[high data rates][2]

Optical fibers allow for high data rates and wide bandwidths, have relatively low attenuation, can cover long distances with a small number of repeaters, and are immune to crosstalk and other forms of electromagnetic interference that disrupt electrical transmission.

[high date rates][3]

[2]: https://digitalcommons.usu.edu/cgi/viewcontent.cgi?article=2737&context=smallsat#:~:text=High%20data%20rates%20(%3E50%20megabits,tape%20recorders%20on%20some%20missions. [3]: https://academic-accelerator.com/encyclopedia/internet-backbone

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    You have high data rage. Feb 15 at 19:04
  • Your first sentence. Feb 20 at 23:30
  • I thought I'd get censured. And I'd miss the pun opportunity. Feb 21 at 16:30
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Speaking merely as a native speaker and techie, I think it is ok either way. That is, either "high data rate" or "high-data-rate". Definitely not "high-data rate". Intuitively, the hyphens help "combine" the words so they serve as a single modifier to the head-noun "ECUs". The ECUs are not "high" and "data" and "rate" -- instead, they have a single property called "high data rate".

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Here, 'high' clearly modifies 'data rate' (compare 'small microwave oven'):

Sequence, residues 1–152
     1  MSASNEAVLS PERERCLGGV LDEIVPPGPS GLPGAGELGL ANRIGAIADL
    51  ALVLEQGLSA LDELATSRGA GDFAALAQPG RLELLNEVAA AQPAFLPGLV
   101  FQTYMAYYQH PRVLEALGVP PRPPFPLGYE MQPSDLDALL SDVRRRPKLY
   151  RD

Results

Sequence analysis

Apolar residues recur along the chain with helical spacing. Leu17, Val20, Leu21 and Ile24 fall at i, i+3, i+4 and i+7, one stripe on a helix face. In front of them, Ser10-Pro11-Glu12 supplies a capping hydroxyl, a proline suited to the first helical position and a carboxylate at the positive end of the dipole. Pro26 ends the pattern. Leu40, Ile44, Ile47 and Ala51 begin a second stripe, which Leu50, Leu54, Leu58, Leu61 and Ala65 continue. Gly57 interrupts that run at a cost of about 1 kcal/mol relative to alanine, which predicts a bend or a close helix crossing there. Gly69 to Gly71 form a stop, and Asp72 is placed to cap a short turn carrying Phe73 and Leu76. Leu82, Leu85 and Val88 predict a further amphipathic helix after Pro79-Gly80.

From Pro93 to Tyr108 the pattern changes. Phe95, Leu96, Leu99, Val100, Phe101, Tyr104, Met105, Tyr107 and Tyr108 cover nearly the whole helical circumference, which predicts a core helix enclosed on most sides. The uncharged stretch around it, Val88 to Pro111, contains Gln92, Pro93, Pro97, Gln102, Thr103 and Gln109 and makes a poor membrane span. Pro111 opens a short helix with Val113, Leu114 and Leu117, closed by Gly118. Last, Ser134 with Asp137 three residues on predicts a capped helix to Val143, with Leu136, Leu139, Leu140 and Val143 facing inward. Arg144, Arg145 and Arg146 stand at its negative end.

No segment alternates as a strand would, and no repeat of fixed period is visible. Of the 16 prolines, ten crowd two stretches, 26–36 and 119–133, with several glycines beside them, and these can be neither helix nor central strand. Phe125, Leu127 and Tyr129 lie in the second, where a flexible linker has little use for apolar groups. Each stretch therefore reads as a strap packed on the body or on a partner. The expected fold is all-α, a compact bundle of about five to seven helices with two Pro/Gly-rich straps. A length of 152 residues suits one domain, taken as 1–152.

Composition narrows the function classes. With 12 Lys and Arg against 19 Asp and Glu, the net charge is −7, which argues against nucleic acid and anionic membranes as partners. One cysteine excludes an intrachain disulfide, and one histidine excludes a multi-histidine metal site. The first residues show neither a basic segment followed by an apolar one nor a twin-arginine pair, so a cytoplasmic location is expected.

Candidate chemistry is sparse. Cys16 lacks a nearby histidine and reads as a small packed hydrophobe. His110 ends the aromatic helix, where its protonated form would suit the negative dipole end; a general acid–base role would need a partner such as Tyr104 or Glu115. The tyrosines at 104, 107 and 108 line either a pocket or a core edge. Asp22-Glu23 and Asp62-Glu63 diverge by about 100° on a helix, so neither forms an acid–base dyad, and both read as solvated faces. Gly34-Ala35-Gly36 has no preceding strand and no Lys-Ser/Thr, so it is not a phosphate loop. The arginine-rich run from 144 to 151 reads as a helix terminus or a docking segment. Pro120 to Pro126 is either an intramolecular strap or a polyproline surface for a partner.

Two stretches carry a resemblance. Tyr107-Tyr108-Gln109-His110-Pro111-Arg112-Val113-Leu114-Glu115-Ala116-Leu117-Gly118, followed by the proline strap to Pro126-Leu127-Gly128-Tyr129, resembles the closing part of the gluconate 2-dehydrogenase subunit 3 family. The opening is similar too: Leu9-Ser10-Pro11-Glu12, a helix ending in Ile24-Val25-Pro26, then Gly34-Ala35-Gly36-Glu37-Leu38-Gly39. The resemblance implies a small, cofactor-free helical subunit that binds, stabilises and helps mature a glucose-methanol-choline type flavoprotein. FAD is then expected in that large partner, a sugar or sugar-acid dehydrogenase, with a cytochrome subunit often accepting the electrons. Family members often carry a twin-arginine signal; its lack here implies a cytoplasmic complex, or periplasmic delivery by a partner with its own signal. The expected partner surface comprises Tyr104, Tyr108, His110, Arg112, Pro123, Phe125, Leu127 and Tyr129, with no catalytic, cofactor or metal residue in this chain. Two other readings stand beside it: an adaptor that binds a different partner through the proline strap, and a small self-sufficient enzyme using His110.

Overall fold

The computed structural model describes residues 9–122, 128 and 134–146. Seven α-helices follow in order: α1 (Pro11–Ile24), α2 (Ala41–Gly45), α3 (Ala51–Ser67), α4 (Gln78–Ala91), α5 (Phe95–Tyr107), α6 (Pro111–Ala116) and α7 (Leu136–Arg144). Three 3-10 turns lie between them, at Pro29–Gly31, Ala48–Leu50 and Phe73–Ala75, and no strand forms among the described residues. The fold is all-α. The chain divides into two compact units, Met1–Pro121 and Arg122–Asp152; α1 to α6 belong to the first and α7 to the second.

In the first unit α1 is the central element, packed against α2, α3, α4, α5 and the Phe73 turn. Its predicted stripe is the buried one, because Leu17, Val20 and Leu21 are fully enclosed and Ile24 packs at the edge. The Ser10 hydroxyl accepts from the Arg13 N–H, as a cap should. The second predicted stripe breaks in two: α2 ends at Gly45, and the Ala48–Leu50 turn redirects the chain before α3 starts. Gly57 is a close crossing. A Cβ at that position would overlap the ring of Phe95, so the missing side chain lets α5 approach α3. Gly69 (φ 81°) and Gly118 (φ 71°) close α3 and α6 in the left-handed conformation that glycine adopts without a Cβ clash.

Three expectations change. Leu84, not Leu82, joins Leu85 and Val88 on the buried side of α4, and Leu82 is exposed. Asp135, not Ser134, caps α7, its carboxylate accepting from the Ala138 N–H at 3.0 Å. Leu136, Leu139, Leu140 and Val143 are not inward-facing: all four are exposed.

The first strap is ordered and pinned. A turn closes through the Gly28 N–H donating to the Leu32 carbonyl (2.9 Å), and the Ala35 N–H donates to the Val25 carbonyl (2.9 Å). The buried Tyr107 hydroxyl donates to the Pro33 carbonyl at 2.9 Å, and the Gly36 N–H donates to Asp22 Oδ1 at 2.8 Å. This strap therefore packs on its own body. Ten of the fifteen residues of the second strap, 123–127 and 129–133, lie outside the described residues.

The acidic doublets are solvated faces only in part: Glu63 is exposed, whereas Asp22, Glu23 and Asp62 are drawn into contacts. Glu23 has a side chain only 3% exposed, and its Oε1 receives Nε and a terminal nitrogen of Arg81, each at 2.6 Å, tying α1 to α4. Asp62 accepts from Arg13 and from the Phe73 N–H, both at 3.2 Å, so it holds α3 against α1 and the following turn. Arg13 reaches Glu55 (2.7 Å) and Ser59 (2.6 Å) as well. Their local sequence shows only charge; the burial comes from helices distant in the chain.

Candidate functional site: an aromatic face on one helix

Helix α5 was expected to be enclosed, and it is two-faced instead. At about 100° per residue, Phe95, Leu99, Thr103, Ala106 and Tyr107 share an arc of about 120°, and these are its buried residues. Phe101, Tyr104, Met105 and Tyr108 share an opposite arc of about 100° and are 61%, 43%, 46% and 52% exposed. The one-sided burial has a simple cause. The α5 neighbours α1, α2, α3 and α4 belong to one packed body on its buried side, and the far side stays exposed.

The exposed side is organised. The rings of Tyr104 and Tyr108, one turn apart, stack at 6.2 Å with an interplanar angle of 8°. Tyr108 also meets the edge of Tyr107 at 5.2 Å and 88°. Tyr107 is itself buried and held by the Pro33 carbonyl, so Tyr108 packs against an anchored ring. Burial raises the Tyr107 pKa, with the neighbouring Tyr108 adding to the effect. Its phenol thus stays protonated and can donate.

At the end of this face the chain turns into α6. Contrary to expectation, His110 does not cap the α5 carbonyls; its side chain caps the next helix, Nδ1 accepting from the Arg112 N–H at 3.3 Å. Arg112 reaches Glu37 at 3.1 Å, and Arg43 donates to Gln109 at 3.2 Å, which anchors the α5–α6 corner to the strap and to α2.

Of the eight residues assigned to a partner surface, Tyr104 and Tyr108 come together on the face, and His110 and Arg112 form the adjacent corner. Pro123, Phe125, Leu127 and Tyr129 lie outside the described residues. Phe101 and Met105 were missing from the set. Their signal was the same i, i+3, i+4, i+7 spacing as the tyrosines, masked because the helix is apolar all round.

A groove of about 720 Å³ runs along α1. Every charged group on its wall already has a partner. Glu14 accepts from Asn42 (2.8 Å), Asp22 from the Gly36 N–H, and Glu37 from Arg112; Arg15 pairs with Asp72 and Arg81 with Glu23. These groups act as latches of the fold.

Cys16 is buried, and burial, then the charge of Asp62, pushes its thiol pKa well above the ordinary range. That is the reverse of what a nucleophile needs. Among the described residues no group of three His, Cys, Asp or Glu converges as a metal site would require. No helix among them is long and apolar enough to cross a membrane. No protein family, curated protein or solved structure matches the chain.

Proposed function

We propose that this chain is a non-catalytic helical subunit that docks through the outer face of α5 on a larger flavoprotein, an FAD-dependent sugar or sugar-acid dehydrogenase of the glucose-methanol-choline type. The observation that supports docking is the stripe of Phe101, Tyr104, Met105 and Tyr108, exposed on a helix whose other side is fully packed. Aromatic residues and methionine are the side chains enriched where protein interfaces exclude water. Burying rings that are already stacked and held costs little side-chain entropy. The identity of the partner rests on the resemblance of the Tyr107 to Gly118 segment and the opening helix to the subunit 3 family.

[high] [data rate]                 ↔ ↔ ↔ ↔                  [small] [microwave oven].

We are clearly not talking about 'high data' any more than we are about 'small microwave'. As Yosef implies, 'data rate' is at least a strong collocation, arguably a compound noun. It is not usually hyphenated, and there's no need to over-elaborate here.

Contrast

  • three hundred year-old oak trees [300 trees]
  • three hundred-year-old oak trees [3 trees]
  • three-hundred-year-old oak trees. [some old trees]

I believe the 'don't over-elaborate when it comes to punctuating' stance nowadays competes with the 'eleven-year-old boy rule' where clarity isn't an issue.

Google shows merely two returns in a search for "high data rate ECUs":

  • [1] high data rate ECUs          and
  • [2] high data-rate ECUs.

I'd not argue against double hyphenation here, or the use of an en-dash for the less cohesive bond:

  • high-data-rate [+ noun phrase]
  • high–data-rate [+ NP]

but the second example here is non-standard and consequently misleading. What is 'high' modifying? None or two hyphens are best.

Unhyphenated examples on the internet include

  • high data rate optical transceivers
  • high data rate cable assemblies
  • high data rate wireless communication
  • high data rate transfer
  • high data rate transmitter
  • high data rate waveform
  • high data rate trunking systems
  • high data rate LED-based system
  • high data rate, high bandwidth connectors

The string 'data rate' is not usually hyphenated when not used attributively (prenominally), and the creditable examples of the unhyphenated compound premodifier (eg 'high data rate optical transceivers') on the internet, and their obvious default meaning, argue that the unhyphenated form is most common.